Position title: Professor
Phone: (608) 263-9906
1500 Highland Avenue
Madison, WI 53705
PhD, Pharmacology, University of Washington, Seattle, WA
Post-doctoral, Salk Institute of Biological Studies, San Diego, CA
The molecular mechanisms that regulate neural stem cells and neurodevelopment with the goal of applying this knowledge in the treatment of neurological disorders and injuries
Stem cells have two fundamental properties: self-renewal and multipotency. During development, stem cells and resulting progenitor cells are responsible for generating all the tissues and cells of an organism. In the adult, stem cells exist in many tissues throughout life and may play critical roles in physiological functions and tissue regeneration. The maintenance of their “stemness” state and commitment to differentiation are tightly controlled by both intrinsic genetic and epigenetic programs and extrinsic stimuli.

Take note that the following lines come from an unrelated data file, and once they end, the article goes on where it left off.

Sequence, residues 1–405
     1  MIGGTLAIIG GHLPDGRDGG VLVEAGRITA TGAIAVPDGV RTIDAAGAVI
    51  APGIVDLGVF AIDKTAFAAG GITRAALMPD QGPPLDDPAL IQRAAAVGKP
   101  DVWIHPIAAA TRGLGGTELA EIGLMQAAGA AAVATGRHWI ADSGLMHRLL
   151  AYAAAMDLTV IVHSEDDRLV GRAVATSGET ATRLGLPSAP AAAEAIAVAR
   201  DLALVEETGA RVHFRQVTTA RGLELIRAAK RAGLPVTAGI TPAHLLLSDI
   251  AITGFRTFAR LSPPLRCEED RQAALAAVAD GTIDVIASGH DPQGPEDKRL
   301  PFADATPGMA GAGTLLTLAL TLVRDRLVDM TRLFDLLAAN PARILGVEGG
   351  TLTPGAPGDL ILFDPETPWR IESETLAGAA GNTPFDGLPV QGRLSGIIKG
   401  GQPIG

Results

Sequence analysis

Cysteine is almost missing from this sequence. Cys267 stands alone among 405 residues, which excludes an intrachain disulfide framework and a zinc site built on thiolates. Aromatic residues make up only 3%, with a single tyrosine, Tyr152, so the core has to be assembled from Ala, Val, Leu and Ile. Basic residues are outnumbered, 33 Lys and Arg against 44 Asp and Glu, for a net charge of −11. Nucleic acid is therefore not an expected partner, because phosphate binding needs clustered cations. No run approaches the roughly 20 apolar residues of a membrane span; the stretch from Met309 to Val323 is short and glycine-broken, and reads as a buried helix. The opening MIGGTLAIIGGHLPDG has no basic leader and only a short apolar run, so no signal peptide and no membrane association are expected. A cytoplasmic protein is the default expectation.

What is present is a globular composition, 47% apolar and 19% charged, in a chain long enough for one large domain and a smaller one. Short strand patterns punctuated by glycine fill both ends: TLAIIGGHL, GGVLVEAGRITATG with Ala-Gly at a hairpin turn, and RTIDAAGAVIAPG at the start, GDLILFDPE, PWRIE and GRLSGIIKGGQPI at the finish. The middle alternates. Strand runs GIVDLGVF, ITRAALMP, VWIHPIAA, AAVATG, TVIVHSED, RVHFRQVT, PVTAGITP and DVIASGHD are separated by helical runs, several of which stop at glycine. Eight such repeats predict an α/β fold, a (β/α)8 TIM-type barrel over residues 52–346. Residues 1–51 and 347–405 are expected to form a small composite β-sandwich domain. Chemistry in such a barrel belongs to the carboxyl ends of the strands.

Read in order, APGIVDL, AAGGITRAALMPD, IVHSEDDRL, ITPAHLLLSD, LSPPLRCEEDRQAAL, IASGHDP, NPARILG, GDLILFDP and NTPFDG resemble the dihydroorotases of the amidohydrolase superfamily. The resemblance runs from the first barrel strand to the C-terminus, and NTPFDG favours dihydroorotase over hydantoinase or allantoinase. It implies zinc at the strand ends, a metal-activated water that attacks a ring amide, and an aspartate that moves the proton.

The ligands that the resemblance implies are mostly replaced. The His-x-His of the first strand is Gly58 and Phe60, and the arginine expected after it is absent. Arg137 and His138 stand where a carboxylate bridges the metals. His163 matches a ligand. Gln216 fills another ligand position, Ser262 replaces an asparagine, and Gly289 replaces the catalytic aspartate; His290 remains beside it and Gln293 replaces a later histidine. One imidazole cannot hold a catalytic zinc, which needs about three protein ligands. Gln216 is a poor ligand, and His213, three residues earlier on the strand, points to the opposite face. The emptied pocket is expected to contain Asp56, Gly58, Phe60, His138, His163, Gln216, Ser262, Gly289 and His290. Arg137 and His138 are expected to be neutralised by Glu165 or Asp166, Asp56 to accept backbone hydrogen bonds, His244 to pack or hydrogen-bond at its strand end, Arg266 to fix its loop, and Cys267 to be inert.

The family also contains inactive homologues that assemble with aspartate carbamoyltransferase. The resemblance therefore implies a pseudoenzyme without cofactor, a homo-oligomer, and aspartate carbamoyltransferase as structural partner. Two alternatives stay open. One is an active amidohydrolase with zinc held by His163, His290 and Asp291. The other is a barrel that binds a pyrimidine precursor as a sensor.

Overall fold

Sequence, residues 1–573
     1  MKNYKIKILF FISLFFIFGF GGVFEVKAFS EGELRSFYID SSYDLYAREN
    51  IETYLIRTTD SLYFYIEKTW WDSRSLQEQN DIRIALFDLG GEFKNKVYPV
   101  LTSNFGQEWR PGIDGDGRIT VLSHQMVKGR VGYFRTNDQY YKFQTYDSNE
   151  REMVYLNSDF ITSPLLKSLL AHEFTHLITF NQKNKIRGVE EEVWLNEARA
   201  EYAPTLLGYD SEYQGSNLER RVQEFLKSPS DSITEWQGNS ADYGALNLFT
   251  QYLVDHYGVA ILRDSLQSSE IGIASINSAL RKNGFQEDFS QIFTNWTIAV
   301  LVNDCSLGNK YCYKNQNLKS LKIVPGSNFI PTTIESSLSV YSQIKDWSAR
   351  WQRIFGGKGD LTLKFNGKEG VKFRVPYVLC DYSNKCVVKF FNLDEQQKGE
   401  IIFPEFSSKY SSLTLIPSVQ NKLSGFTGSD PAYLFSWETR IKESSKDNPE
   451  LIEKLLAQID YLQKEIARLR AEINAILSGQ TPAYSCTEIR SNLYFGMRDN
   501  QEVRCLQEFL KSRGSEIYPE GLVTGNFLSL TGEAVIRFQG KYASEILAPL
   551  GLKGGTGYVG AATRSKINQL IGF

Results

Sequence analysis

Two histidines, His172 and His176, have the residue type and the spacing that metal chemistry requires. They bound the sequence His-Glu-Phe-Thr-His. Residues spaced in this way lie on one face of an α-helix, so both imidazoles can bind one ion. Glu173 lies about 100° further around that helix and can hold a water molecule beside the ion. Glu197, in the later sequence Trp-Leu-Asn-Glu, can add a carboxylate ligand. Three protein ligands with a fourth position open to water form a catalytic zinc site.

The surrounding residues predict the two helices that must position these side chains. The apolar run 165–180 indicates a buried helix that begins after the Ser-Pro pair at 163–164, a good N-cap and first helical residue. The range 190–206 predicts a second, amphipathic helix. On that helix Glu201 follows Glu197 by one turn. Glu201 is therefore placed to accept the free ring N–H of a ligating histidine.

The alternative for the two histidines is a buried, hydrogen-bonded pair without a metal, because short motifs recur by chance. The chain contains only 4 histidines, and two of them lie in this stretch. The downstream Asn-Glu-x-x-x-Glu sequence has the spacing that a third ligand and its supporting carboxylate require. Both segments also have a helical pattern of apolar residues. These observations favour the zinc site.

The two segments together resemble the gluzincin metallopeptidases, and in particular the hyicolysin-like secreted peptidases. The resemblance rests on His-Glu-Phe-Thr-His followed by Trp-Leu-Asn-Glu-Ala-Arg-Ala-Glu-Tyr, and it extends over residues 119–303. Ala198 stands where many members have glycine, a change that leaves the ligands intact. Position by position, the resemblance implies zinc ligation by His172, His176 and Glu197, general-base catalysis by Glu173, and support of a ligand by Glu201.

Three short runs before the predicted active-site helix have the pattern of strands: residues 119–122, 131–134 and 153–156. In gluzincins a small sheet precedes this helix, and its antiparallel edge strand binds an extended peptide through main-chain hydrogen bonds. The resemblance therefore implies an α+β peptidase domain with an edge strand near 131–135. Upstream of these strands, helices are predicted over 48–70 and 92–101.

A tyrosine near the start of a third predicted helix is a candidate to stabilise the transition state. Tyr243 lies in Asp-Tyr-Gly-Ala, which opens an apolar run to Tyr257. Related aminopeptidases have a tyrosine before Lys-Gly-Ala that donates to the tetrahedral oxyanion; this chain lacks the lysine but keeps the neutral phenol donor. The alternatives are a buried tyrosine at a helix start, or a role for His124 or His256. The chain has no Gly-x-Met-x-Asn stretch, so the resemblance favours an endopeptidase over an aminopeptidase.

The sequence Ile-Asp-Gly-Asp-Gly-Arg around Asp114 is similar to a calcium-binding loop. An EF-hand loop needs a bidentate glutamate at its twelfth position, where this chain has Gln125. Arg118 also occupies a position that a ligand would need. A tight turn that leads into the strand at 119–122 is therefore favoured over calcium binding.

Neural stem cells in the postnatal brain have significant roles in both normal brain functions, such as learning and memory and the brain’s response to injuries. My laboratory is investigating the mechanisms governing the behaviors and functions of neural stem cells and its implication in neurological diseases and learning disorders.
Epigenetic mechanisms, including DNA methylation, chromatin remodeling, and noncoding RNAs have profound regulatory roles in controlling mammalian gene expression. Disturbance of these interacting systems can lead to inappropriate expression or silencing of genes, causing an array of multi-system disorders. A main focus of my lab research is to understand the epigenetic basis of cell fate specification and neurodevelopment.
Neurodevelopmental disorders are highly heterogeneous constellation of disorders, both in terms of etiology and clinical manifestations. Using neural stem cells as model systems, we are investigating the molecular mechanisms that regulate neuronal development during postnatal period and their implications in human neurodevelopmental disorders such as Rett Syndrome, Autism, and Fragile X syndrome.